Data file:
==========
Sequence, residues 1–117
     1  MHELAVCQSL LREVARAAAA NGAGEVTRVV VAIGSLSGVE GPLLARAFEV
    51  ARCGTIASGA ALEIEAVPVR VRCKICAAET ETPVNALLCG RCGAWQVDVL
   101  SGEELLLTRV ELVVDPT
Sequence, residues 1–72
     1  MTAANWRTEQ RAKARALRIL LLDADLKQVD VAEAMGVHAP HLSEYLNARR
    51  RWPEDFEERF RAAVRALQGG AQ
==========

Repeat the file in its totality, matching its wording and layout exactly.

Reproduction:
Sequence, residues 1–117
     1  MHELAVCQSL LREVARAAAA NGAGEVTRVV VAIGSLSGVE GPLLARAFEV
    51  ARCGTIASGA ALEIEAVPVR VRCKICAAET ETPVNALLCG RCGAWQVDVL
   101  SGEELLLTRV ELVVDPT
Sequence, residues 1–72
     1  MTAANWRTEQ RAKARALRIL LLDADLKQVD VAEAMGVHAP HLSEYLNARR
    51  RWPEDFEERF RAAVRALQGG AQ